Saturday 21st was fine with a stiff easterly breeze. Overnight rain with east winds Sunday dawning cloudless with a moderate SW wind.
I had been bemoaning my lack of local good fortune, having not found much in the way of true scarcities since a pair of Red rumped Swallow in May 2016. Although I think I may have used up a fair amount of good luck this weekend with 3 very good finds within 24hrs. You just gotta keep chipping away, eventually something comes your way!
A very nice bright individual and not really on the radar as a spring find here.
The bird was quite tame and very vocal, giving its familiar “tick” call, mostly in flight.
Whilst birding Shooters on the morning of the 22nd I hadn’t seen much beyond a few Willow Warbler, 3 Lesser Whitethroat and 5 Common Whitethroat and a Ring Ouzel. Going on to walk the main ride I came across a small passerine feeding ahead of me on the path, raising my bins to discover it to be a very smart Little Bunting!. The bird initially went missing for an hour before reappearing but in the interim I picked up an Alpine Swift, so low over head bins were not needed, heading into the wind in a westerly direction. A pretty amazing streak of good fortune all within 60 minutes and the Alpine Swift being something I have long dreamed about finding on Beachy Head.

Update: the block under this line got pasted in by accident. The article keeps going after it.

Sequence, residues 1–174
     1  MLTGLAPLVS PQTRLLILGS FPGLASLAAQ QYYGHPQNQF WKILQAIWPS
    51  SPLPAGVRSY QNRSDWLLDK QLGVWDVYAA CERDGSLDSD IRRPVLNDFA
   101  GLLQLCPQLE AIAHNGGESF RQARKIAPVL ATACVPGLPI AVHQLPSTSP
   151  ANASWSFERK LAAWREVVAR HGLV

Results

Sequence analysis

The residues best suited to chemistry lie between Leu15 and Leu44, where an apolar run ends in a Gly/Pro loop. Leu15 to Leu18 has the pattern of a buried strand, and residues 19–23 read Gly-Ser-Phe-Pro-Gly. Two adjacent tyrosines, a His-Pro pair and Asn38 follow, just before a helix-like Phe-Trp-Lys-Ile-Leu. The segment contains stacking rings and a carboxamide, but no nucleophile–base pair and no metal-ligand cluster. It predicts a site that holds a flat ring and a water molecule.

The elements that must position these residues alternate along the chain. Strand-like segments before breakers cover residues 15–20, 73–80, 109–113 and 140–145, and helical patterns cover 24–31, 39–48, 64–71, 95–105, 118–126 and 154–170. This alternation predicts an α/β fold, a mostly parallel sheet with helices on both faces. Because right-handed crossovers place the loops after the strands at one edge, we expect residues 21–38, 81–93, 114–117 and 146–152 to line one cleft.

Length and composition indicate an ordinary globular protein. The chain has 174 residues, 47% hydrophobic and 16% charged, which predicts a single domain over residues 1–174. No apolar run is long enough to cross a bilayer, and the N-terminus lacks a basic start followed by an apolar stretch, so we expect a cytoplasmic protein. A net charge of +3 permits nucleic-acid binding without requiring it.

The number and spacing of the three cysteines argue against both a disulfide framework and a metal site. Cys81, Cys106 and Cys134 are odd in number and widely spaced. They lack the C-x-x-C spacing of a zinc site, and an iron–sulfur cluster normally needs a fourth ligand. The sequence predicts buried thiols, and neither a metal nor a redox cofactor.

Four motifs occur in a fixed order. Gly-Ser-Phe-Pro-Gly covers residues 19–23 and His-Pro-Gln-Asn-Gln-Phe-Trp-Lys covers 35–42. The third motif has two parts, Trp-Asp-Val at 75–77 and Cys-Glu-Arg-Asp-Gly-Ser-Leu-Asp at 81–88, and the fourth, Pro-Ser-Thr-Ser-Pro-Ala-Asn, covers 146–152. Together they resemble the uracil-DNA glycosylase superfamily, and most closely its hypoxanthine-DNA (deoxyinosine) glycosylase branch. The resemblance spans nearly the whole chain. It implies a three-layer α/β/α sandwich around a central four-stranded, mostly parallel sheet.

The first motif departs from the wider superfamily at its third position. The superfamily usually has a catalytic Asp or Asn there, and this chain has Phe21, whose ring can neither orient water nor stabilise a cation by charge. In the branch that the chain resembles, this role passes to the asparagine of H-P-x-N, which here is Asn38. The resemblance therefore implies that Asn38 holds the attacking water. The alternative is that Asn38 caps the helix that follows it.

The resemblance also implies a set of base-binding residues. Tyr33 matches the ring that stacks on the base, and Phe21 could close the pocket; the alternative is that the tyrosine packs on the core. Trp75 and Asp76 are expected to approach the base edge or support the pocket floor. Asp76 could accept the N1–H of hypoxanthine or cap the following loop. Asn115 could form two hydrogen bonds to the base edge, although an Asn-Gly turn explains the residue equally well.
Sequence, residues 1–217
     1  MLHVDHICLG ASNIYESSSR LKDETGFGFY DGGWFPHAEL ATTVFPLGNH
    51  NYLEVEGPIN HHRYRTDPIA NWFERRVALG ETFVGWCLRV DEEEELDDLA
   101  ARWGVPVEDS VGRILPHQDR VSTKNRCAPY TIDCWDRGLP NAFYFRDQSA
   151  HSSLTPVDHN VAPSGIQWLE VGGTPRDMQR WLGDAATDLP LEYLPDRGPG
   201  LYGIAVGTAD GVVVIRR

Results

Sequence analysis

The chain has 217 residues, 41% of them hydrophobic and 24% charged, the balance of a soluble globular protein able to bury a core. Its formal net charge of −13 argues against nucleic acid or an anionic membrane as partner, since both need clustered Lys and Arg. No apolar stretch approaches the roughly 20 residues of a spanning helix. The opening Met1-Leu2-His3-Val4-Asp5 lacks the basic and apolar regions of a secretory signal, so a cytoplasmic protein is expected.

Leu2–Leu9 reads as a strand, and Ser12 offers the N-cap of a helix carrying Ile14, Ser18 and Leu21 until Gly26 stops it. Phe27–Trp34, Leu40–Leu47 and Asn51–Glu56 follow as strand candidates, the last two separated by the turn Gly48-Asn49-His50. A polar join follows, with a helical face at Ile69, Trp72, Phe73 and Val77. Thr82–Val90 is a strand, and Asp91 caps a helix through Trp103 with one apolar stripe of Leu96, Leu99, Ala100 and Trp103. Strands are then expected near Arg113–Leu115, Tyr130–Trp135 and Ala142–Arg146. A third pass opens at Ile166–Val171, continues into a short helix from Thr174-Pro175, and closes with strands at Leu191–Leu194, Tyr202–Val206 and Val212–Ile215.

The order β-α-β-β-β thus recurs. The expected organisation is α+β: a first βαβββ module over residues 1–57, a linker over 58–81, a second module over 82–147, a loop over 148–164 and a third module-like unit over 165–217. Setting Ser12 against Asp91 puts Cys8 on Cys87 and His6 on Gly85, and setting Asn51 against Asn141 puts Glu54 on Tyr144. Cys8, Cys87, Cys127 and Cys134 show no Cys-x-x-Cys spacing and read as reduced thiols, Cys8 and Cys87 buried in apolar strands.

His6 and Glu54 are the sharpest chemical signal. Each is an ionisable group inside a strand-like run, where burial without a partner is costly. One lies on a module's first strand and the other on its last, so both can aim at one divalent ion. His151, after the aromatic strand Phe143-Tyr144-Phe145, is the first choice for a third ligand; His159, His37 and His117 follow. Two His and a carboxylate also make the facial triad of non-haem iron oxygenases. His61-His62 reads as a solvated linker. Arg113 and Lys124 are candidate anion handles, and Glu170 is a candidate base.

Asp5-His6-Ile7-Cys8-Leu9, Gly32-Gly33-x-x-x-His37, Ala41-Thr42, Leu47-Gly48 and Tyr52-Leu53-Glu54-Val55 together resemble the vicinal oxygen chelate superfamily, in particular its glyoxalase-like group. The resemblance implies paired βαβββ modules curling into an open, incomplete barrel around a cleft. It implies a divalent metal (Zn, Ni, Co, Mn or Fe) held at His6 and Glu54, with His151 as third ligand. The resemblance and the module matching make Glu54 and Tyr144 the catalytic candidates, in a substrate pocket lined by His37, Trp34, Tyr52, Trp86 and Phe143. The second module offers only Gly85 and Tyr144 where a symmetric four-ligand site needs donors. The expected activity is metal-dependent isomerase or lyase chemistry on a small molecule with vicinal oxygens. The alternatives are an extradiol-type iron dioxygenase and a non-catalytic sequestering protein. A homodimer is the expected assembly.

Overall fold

I was pleased a number of locals and Beachy Head stalwarts were able to catch up with the Bunting although only I and Bob Edgar saw the Swift, Bob being next to me as I picked it up over head.
The Alpine Swift scything through the air heading west, probably on show for less than a minute. Typically, it wasn’t hanging about!
On Saturday the 21st, less then 24hrs previous to the excitement of the 22nd, Jamie Partridge and I were doing our best to give the whole headland a once over, with little in return beyond a Ring Ouzel in Francis Bottom and 2 Red Kite when out of the blue whilst on Went Hill I got brief views of what I shouted as a Black Kite. The views we got were rubbish and the photo’s even worse. Being close to the car at Crow Link, we jumped in and tore off towards the pub at Beachy Head in the hope of intercepting the bird there, assuming it continued in it’s initial easterly direction. Thankfully, 50 mins after the first views, the bird appeared with a Red Kite behind Hodcomb giving much better views and images, although it was always unfortunately pretty distant. 3 Common Swift passed east over the house later the same day, my first of the year.
Heavily cropped images of the Black Kite taken from behind the pub, at the top of the headland.